This expansion consists of probably three phases. The first that I would execute would be to extend the MATA to Main Street meeting the new line, which would simultaneously be extended into Deep Ellum, thus directly linking Bishop Arts and Deep Ellum on one line. The next phase would take a radius line from the Arts District on Ross to Lower Greenville.

Eventually, the MATA/uptown line that is now extended to Main Street would continue down St. Paul to Old City Park and into the Cedars. If you look closely (or click to embiggen) I included several graphics along with this line. The first that I would like to discuss is the questionmark within the Cedars loop. As I said earlier I don’t care for one-way loops. Maintaining both directions within one right-of-way creates for more predictability and “convergence,” which is necessary for commercial or mixed-use areas. This also allows for movement all on one-track with switch points at stopping areas for cars in different directions to pass. This can be cheaper but difficult to design.

Also, one-way loops makes permanent one-way roads. We may not be ready for them now, but we might some day. And, in fact I would call it a priority to start thinking of all downtown roads as places rather than escape routes (link to highway as agent of disinvestment) and begin converting them to two-way streets. If you know me, you know that I often stress flexibility and adaptability, as none of us is clairvoyant enough to design for 2050 issues, but we can allow for the ability of those who are living in them.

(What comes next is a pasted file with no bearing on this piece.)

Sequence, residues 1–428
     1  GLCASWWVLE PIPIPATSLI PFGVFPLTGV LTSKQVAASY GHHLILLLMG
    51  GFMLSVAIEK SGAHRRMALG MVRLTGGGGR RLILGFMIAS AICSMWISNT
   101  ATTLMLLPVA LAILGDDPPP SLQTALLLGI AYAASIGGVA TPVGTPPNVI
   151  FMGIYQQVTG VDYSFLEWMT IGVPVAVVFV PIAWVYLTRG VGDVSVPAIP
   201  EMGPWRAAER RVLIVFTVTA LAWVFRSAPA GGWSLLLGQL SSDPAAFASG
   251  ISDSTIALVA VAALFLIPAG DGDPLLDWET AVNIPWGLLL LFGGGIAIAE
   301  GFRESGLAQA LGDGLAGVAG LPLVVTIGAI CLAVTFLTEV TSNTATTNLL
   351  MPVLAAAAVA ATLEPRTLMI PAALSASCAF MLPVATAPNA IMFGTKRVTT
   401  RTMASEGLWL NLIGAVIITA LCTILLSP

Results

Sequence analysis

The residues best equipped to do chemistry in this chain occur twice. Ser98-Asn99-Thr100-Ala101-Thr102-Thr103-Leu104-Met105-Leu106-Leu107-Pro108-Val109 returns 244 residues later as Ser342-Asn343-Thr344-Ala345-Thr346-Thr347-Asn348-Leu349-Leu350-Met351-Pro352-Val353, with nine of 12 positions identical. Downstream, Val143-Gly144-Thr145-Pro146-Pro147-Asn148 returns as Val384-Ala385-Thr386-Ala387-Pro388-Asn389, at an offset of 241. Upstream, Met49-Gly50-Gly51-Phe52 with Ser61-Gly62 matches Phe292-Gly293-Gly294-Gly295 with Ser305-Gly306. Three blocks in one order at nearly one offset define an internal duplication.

The Cedars however, and areas like it that exist essentially as peninsulas, it will be primarily residential with some smaller scaled-neighborhood support type functions rather than any kind of high intensity mixed-use or commercial that you might see along Ross, Davis, or in Downtown.

Furthermore, in residential areas, you want to get as close to the residents (in this case even the hypothetical ones) as possible. With streetcar, the catchment area may only be 1/4-mile and with the dimension of the Cedars it makes sense to loop the track on Corinth, Lamar, and then Cadiz back to St.Paul (as shown). This would reposition the maximum amount of city blocks for redevelopment/improvement.

At Woodall Rogers, you will see a red “X” and a green blob. The red X would represent the cleaning up or “context-sensitizing” of R L Thornton through downtown. Cloverleafs are a property value killer and highly inefficient use of land that should be much too valuable for a spacious on/off ramp. These should be cleaned up. The green blob would be a new deck park (ya know, provided any/all of these highways go away as they should) over the freeway. This repositions the south side of the convention center (to help alleviate the gigantic barrier that the CC is) as potentially new office development and the North side of the Cedars as higher density residential/mixed-use on the park. This part of the street car phase then would complete a loop between Main Street Garden, Old City Park, and a new deck park.

Obviously highly conceptual.